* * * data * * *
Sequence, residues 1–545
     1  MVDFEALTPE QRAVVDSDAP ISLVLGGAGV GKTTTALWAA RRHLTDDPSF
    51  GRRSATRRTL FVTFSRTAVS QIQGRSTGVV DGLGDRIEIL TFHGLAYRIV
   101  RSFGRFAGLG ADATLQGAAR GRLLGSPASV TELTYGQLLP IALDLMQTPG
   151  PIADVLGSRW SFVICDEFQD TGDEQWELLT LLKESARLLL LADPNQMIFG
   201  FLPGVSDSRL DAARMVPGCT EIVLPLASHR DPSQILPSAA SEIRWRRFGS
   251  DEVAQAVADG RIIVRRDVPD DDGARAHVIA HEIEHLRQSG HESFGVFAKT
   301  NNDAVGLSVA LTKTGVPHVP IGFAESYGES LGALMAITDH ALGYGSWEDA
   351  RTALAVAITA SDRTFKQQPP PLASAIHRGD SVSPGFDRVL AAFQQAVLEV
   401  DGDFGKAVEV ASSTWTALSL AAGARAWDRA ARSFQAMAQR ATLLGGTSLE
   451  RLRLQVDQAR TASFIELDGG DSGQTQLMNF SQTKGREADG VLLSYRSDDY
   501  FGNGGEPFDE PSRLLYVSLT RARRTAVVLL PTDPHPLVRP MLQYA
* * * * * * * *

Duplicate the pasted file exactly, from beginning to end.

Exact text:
Sequence, residues 1–545
     1  MVDFEALTPE QRAVVDSDAP ISLVLGGAGV GKTTTALWAA RRHLTDDPSF
    51  GRRSATRRTL FVTFSRTAVS QIQGRSTGVV DGLGDRIEIL TFHGLAYRIV
   101  RSFGRFAGLG ADATLQGAAR GRLLGSPASV TELTYGQLLP IALDLMQTPG
   151  PIADVLGSRW SFVICDEFQD TGDEQWELLT LLKESARLLL LADPNQMIFG
   201  FLPGVSDSRL DAARMVPGCT EIVLPLASHR DPSQILPSAA SEIRWRRFGS
   251  DEVAQAVADG RIIVRRDVPD DDGARAHVIA HEIEHLRQSG HESFGVFAKT
   301  NNDAVGLSVA LTKTGVPHVP IGFAESYGES LGALMAITDH ALGYGSWEDA
   351  RTALAVAITA SDRTFKQQPP PLASAIHRGD SVSPGFDRVL AAFQQAVLEV
   401  DGDFGKAVEV ASSTWTALSL AAGARAWDRA ARSFQAMAQR ATLLGGTSLE
   451  RLRLQVDQAR TASFIELDGG DSGQTQLMNF SQTKGREADG VLLSYRSDDY
   501  FGNGGEPFDE PSRLLYVSLT RARRTAVVLL PTDPHPLVRP MLQYA